unnamed-3.jpg

Pima County Supervisors continues to grapple with restaurant regulations.

The Pima County Board of Supervisors voted 3-2 this week to update health code regulations for restaurants and bars to reduce transmission of COVID-19, but three state lawmakers are asking the Arizona Attorney General’s Office to step in and force the county to rescind the rules.

State Sen. Vince Leach and state Reps. Mark Finchem and Bret Roberts say that the county is exceeding its authority in creating the regulations and have asked Attorney General Mark Brnovich for an investigation.

“We’ve seen throughout this crisis how important it is to balance health concerns with the need to reopen businesses and get Arizonans back to work,” Leach said in a prepared statement. “Gov. Ducey and the Legislature have been working with experts to find that balance and determine the best course of action for the entire state. Members of the county’s Back to Business Bars and Restaurants Task Force said that while they helped create guidelines and best practices, they didn’t think their recommendations would become regulations with fines attached.

“We offered to help be a part of this from the very beginning and now we’re the ones being targeted with fines,” said Ray Flores, owner of El Charro and its related restaurants. “If it’s really about public health and human safety, then all businesses should have to go through this. This is not a restaurant problem, this is a human population problem.”

The task force, which was composed of eight restaurant and bar owners as well as five county health department staff members, was organized late April with the job of crafting guidelines and best practices for bars and restaurants in the county. Among the recommendations: wellness and symptom checks; cloth masks and gloves to be worn by all staff; patrons exhibiting signs of COVID-19 are not permitted on-premises; and no more than 10 allowed per table, as well as no bar-top seating. 

Flores said not only was it disappointing to see such a highly regulated industry such as food service now be threatened with fines, but restaurateurs had to act as pseudo-healthcare workers with no training and very little guidance on how to proceed.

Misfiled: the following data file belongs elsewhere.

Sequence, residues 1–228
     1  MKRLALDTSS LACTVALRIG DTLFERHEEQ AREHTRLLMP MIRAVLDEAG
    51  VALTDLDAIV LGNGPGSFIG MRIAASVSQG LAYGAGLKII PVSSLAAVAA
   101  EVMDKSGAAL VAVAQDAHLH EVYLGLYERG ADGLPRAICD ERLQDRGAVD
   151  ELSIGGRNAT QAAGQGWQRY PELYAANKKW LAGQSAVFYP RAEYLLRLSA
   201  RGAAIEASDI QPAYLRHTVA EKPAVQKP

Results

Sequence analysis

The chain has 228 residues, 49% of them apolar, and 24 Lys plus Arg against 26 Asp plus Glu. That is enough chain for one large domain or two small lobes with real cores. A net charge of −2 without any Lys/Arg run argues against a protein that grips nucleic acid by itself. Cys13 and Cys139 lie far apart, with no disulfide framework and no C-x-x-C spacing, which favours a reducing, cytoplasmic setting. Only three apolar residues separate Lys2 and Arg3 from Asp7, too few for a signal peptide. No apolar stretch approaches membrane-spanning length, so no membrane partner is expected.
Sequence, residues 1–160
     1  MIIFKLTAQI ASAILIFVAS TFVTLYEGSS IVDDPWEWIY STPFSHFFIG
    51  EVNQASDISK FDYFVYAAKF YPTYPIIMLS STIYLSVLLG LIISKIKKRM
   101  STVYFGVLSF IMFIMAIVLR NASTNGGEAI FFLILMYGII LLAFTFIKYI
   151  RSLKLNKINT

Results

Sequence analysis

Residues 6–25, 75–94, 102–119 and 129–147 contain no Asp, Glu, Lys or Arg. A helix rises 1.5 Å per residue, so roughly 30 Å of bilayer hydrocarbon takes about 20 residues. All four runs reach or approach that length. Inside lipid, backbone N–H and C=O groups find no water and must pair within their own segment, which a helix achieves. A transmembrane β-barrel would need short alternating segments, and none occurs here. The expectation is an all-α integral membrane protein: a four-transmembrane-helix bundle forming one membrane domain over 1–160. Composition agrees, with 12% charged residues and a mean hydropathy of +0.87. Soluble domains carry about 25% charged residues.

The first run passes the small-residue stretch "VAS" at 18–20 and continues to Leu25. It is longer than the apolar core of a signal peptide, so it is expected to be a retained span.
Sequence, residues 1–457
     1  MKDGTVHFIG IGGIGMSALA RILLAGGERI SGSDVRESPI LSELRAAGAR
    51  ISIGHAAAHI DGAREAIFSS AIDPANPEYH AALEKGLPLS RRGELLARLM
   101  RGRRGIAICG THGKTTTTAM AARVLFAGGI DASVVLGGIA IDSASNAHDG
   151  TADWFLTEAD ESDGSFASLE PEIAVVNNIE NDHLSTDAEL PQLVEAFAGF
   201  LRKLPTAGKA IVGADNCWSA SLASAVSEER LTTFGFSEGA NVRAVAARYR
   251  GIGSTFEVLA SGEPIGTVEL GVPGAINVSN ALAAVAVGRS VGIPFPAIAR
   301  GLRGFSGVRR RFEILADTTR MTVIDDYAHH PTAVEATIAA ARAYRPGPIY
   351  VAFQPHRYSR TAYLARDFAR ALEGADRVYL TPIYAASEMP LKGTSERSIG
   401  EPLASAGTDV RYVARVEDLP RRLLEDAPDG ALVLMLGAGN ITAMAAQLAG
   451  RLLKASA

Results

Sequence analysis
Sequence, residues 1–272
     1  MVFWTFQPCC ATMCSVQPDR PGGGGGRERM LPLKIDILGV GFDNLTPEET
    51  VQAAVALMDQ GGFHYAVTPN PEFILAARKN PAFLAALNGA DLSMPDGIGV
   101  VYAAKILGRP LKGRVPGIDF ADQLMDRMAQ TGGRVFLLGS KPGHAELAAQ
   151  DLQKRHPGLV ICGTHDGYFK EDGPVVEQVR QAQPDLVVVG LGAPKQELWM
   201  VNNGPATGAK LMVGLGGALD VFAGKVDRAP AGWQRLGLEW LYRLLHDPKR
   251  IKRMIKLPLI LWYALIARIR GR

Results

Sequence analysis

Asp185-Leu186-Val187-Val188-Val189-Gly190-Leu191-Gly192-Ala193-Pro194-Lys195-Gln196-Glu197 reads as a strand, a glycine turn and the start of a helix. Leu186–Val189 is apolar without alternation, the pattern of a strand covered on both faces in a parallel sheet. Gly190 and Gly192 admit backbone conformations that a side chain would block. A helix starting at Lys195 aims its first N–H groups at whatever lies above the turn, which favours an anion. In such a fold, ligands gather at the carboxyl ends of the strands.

“Nobody in the restaurant business wants to make anyone sick,” Flores said.” At the same time, nobody in the restaurant business is a healthcare professional.”

One of the main regulations concerning task force members and restaurateurs alike is the requirement to take wellness/symptom checks of “all restaurant employees, vendors, contractors, third party delivery service workers as they arrive on-premises and before the opening of a restaurant.” 

Dan Bogert, COO of the Arizona Restaurant Association and a task force member, said he doesn’t disagree with temperature checks for restaurant employees. However, checking third-party delivery drivers can pose potential problems for restaurant operators, said Bogert.

Other requirements concerning task force members and restaurateurs are supplying staff with cloth masks and hand sanitizer when they are in short supply these days and the Pima County Health Department doesn’t have any to give reopening businesses. 

Dr. Bob England, director of the Pima County Health Department, clarified how the county health department would enforce the new guidelines approved by the Pima County Board of Supervisors in his video public health update on May 14.

“We are not going to have people sitting in the bushes while you eat,” England said. “If there’s one thing I’ve learned about our registered sanitarians and others in the year I’ve been here, it’s that they want to help businesses do the right thing.”

Education and assistance will be the health department’s focus while the newregulations are in place, England said. The regulations will stay in place until the pandemic is declared over by Pima County’s chief medical officer, Dr. Francisco Garcia.

“Actual enforcement of any kind is going to be a last resort,” England said. “We want all of us to continue to do what we know we should to prevent transmission in this disease.”

The Pima County Board of Supervisors also adopted a set of temporary regulations to help restaurant owners in unincorporated Pima County expand their outside dining area while under new indoor occupancy restrictions during Wednesday’s emergency meeting. Parking spaces, sidewalks and vacant lots could be used as additional seating upon approval from Pima County Development Services.